The days after Lisa Korthals died, the weather was crazy. I pulled wood in from the woodshed, and felt as if the erratic moodiness in the air, the sudden graupel, the return of the sun, the swirl of snow, was caused by her raging spirit, unsettled, unwilling to let go, to leave her life, her friends, her boy. He’s 12, sweet, lovely. How could she possibly go yet? It felt as if she were trying to move the heavens to get back to him. My son is 5. I imagine my own horror at being forced to leave him. And I felt silenced by it all. By the hugeness, the gapingness, the awfulness, of it. I would go to a notebook, a screen, and try and write something. And all that made sense was silence.
Out in the storm-swirl, only three thoughts rose up, like wild prayers to her. I thought: I hope you weren’t afraid. I hope your brother came to walk you across the line. I hope your friends rally around Tye and remind him, and each other, and the whole entire world, every day, who you were. And why thousands of people are rocked by this loss.
And last night, when, I sat on the floor at Lisa’s celebration of life, in a room overflowing with love and tears, a thousand people or more, I thought, okay then. You can go. Do you sense that too? We’ll shoulder this sorrow, we’ll carry this loss. It feels heavy. But your work is done. You can lay it all down now. You’re okay to go.
Outside my window today, the day is grey, quietly raining. Wrung out. Everything is still.
I’ve heard people say, as they share news of sudden death or tragedy, “go home and hug your loved ones.” I always wondered why that caught at me like a burr. It’s a fine sentiment, right? My aversion to cliché can’t be that strong. But it jarred, regardless.
Then I read this: “Death, whether your own or others, can be a powerful gateway to complete tenderness.” (Zenju Earthly Manuel)
There it is. Lean towards complete tenderness. Not selective tenderness. Don’t just hug your loved ones, who you should be hugging every day anyway. Embrace everyone. Hug the people you interact with, if not literally, then with your interactions. Smile at strangers, hold the door open, lean into tenderness to every other human you cross paths with. Tell friends or acquaintances that you admire them or appreciate them. That’s what we should be doing in response. Leaning in to tenderness. That’s what death urges upon us.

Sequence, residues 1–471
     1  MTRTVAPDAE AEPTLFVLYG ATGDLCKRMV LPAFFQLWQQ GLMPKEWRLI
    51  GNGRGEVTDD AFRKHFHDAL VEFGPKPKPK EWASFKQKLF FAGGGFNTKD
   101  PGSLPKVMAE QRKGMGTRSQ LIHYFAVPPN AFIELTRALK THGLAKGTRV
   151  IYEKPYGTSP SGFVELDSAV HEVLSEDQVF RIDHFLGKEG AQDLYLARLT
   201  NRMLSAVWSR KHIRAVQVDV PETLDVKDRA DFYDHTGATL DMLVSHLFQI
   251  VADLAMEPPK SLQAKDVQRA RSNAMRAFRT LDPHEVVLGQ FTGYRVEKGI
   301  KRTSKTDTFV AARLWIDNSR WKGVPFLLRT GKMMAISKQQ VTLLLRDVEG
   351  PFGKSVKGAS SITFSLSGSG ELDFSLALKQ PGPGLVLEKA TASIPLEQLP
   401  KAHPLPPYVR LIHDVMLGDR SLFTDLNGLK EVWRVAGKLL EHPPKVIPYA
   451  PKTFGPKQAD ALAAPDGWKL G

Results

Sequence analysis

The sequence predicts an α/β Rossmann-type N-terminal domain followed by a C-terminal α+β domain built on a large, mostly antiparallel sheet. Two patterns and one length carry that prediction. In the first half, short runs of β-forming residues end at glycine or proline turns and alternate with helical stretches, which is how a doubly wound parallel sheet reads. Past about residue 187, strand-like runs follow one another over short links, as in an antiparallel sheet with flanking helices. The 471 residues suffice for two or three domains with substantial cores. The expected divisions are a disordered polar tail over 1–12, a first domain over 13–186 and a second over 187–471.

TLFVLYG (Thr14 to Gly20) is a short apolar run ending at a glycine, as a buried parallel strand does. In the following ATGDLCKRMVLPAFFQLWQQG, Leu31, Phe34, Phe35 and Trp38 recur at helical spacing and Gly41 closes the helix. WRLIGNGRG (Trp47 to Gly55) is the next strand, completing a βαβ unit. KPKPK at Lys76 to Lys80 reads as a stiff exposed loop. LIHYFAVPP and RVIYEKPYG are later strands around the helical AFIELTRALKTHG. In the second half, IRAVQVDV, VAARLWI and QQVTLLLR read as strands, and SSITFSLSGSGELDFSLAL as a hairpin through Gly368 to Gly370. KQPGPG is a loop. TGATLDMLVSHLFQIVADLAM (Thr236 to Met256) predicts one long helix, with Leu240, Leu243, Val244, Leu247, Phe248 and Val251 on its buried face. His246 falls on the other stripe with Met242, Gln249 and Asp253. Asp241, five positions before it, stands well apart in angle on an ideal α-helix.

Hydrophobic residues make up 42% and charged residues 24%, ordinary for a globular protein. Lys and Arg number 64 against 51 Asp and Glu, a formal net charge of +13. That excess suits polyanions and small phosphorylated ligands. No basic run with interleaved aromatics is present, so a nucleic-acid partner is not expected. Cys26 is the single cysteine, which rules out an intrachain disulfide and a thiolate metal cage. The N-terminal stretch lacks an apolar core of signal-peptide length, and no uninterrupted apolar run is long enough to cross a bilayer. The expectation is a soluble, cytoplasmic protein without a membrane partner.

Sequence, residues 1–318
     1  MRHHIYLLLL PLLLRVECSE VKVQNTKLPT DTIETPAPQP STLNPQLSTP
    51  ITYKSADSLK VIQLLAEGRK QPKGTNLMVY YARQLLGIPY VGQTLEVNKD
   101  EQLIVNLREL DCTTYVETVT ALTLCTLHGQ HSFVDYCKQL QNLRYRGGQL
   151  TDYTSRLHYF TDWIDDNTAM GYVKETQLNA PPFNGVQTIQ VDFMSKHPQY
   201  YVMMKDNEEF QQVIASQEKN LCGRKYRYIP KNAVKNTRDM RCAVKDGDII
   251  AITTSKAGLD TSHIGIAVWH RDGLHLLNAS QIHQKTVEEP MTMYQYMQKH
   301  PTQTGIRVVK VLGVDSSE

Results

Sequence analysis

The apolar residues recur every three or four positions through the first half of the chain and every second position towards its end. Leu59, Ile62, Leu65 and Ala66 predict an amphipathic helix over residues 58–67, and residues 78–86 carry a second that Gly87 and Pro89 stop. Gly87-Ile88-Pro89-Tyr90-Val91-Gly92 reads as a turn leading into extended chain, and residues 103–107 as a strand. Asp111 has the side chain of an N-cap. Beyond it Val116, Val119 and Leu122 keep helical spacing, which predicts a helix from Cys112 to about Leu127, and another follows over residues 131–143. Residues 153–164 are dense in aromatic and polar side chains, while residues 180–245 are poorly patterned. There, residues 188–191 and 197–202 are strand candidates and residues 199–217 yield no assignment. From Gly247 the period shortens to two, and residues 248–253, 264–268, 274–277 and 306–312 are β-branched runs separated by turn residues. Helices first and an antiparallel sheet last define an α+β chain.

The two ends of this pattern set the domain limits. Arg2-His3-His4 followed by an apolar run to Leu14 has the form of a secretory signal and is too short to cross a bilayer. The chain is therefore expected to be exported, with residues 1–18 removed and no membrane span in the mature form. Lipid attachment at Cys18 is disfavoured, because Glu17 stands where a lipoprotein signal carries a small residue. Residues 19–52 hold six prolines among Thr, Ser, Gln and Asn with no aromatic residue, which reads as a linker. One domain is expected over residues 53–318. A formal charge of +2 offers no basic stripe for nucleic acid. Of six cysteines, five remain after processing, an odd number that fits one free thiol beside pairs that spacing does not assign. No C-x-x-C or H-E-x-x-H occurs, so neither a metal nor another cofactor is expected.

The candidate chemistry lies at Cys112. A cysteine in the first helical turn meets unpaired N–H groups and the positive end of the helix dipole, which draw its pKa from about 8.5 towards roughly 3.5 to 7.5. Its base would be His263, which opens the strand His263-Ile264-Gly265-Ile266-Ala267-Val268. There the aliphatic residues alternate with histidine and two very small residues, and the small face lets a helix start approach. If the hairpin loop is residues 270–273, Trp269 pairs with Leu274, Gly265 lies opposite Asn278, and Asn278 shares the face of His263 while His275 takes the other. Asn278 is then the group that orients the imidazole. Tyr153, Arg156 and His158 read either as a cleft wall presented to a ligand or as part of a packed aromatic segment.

That’s what Korthals did.
She kissed people on the lips.
She was generous with her love and energy, at ease with herself, and that ease spilled forth into being easy with everyone. And people responded to it, because as simple as it seems, it’s so rare.
“There was not one person who could walk away from her wondering, ‘Did she love me or didn’t she?'” says Wendy Brookbank. “Everybody knew she loved them, and especially her family.”
My next door neighbour unexpectedly texted me yesterday at 2pm, the day of Lisa’s celebration of life, offering to look after my son, so we could go.
13 years ago, Korthals cultivated that kind of neighbourhood around her – the old guard of Whistler ski-bum legends, all raising babies up and down the street, and being that extension of family for each other.
Me? I was blown away by my neighbour’s offer, and the logistics it took, and the way it seems that the world is conspiring to chip away at my (inherited, generations-deep, deeply programmed) “self-reliance” and “self-containment” and stoicness.
I’m riding Lisa’s coat-tails. Following the trails she blazed.
Community is what keeps us afloat, emailed a friend, with a message of condolence. And it’s so true. Yet we only really become part of it when we fall short, fall apart, fall down, need help.
Until we need help, we don’t really understand what community is. I didn’t. I was always community-minded. But I never felt part of one. Until I was incapable of doing everything on my own.
At one of my earliest visits with my midwives, 6 years ago, now, they said: “You are going to need help, so you need to start practicing asking for it now. I detect that might be a challenge for you. So get started.”
Over these past years, I have evolved into a “weaker” individual, less capable and contained, and become a flawed member of a shape-shifting community, a person living a much richer, more robust life, as a node in a big network.
That network felt so strong and beautiful last night, and it seemed so apparent to me that Lisa had long known it. And had been feeding it all along.
There are so many things to admire about Korthals, and to lament about this loss. But that is the one that hangs on the hardest. That, when you feel at ease in who you are, that easiness overflows, and you co-create a tribe so huge that your work in the world is able to continue, long after you’ve crossed the line.